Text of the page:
Floating line - Since water can pass in through the weave the line can be rearranged - often with tangles as a result
Container - A closed plastic basket can also keep things off the ground, free of sand and dirt.
Goods and bads
Martin Joergensen - Henning Eskol

The line basket and I

My personal relation to line baskets is somewhat ambivalent. On one side I can see the advantages, but on the other hand I feel that all the systems I have tried, impose so many limitations on me that I simply find it annoying to use any of them.

My main problem is that of stripping patterns. I like to be able to take in the fly as I please - long or short strips, fast and slow mixed - but the basket means that I'm quite limited. Since every coil has to go into the basket, I have to limit the strips to the size of the basket, or I have to take long strips and then arrange the loose line in the basket. It also bothers me that the basket is quite high, and that I have to hold the rod higher in order to be able to get the loose line in there. The only system I have tried that doesn't impose these limitations is the stripper type - like the Flexi Stripper. It rides low on the hip and allows for almost any stripping pattern.

I sometimes buckle and bring a line basket, but I tend to leave it on the bank or in the car. On most of my fishing trips I don't bring it at all.
Being a critical user does not disqualify me from judging line baskets. On the contrary, maybe. A line basket has to be very good before I want to use it. I have close fishing friends who use line baskets all the time, and I will take into account their opinions about the different types that I cover here.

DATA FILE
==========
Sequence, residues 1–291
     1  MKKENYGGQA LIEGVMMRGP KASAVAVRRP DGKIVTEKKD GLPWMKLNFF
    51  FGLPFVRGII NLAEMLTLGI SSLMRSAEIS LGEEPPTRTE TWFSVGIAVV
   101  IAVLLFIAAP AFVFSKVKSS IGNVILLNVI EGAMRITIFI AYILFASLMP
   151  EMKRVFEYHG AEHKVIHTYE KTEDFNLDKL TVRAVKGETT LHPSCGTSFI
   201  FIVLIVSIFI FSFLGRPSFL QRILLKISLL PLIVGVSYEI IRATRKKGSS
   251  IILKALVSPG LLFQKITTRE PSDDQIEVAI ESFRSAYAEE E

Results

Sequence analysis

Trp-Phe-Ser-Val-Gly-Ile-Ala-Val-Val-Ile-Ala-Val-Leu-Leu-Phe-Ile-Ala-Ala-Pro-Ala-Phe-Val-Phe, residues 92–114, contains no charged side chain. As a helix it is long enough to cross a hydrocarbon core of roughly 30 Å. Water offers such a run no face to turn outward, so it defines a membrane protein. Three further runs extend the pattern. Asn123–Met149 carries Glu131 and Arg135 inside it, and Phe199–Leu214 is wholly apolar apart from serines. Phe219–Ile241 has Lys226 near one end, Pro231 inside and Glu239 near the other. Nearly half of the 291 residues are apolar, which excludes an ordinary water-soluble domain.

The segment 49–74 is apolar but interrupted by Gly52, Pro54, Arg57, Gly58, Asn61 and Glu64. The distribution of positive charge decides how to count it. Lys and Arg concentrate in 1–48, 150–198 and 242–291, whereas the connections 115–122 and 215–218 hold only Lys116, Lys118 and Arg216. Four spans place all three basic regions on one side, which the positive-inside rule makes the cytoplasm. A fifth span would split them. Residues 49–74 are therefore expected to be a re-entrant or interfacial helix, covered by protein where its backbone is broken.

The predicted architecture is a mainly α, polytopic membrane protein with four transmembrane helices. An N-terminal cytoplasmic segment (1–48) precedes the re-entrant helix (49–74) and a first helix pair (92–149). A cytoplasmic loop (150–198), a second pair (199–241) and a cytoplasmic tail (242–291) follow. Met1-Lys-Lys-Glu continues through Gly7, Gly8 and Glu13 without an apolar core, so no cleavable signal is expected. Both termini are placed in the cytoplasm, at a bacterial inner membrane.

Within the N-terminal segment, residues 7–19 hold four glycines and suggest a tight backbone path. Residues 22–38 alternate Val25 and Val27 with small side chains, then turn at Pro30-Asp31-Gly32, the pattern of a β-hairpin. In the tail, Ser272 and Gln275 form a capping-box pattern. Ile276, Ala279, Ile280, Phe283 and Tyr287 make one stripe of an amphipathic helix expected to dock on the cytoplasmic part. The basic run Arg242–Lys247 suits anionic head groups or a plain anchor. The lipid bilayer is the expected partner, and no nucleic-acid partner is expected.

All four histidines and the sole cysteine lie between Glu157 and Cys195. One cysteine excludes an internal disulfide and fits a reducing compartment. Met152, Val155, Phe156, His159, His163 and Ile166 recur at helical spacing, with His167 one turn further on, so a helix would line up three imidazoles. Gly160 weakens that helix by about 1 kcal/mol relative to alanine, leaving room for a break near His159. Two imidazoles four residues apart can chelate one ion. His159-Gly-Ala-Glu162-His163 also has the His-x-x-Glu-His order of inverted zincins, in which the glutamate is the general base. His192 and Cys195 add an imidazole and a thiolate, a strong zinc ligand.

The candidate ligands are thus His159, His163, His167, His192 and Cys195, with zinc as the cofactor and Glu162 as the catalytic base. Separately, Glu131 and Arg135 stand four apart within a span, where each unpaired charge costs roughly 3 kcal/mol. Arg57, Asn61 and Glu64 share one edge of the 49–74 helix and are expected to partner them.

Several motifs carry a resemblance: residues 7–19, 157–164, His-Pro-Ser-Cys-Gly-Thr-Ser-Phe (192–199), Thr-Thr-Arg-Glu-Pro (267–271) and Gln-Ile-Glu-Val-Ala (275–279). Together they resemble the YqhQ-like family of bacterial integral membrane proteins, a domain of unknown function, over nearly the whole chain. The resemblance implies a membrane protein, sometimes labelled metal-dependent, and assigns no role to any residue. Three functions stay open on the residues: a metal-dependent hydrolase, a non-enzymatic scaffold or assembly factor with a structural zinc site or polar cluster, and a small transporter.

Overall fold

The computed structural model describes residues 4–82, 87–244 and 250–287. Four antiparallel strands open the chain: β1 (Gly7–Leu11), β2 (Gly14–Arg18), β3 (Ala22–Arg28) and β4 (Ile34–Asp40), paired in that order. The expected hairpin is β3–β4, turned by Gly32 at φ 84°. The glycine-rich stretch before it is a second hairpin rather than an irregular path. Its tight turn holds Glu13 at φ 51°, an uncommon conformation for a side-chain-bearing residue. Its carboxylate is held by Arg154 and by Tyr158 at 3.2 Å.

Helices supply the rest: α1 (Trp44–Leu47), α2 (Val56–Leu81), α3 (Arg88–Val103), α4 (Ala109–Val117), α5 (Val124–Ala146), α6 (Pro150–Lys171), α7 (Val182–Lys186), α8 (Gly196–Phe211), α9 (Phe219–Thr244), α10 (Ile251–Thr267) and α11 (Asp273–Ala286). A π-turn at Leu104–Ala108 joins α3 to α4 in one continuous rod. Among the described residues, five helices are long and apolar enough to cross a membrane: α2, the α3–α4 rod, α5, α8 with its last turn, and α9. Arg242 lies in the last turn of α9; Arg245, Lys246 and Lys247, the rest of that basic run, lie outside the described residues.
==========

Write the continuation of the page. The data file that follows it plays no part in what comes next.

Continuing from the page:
I won't make this a review of specific products, but try to objectively discuss the different types that I have been able to get my hands on.

Rod rest - The Danish line basket from allows the rod to rest in a couple of cutouts in the edge
Limited stripping pattern - Since you have to stuff each coil of line into the basket, you have a limit to what length of line you can strip. This imposes some strains on the pattern you can retrieve the fly with. The really long strips are impossible unless you arrange the line in the stripping basket afterwards.
Tangle! - Sometimes a knot will form in the basket and shooting will stop when it hits the stripping eye on the rod
Stripping basket in use
Henning Eskol

Basket, bucket, tray, stripper

There are a number of different types of line baskets or trays on the market and an even larger number of home made systems. I will divide them into five basic types:

These are soft, made from fabric, which in most cases allow water to pass freely. Most are collapsible.

Trays are much like a plastic dish washing bowl, and many home made trays are indeed such bowls. They are made from plastic and may or may not have spikes or dents in the bottom to control the loose line. Some are rigid baskets that allow water to pass, others are closed and not drain. A few have draining holes in the bottom.

These are essentially things you drape your line over. They are worn like trays or baskets, but not hollow, but flat with spikes or other structures that grip the line and allow it to hang.

Buckets are often used on boats, and are deep and free-standing cylinders that are heavy in the bottom and often rubber padded so that they stand steady in the sea. These buckets can be up to 3-4' deep in order to facilitate stripping into them while standing on the deck of the boat.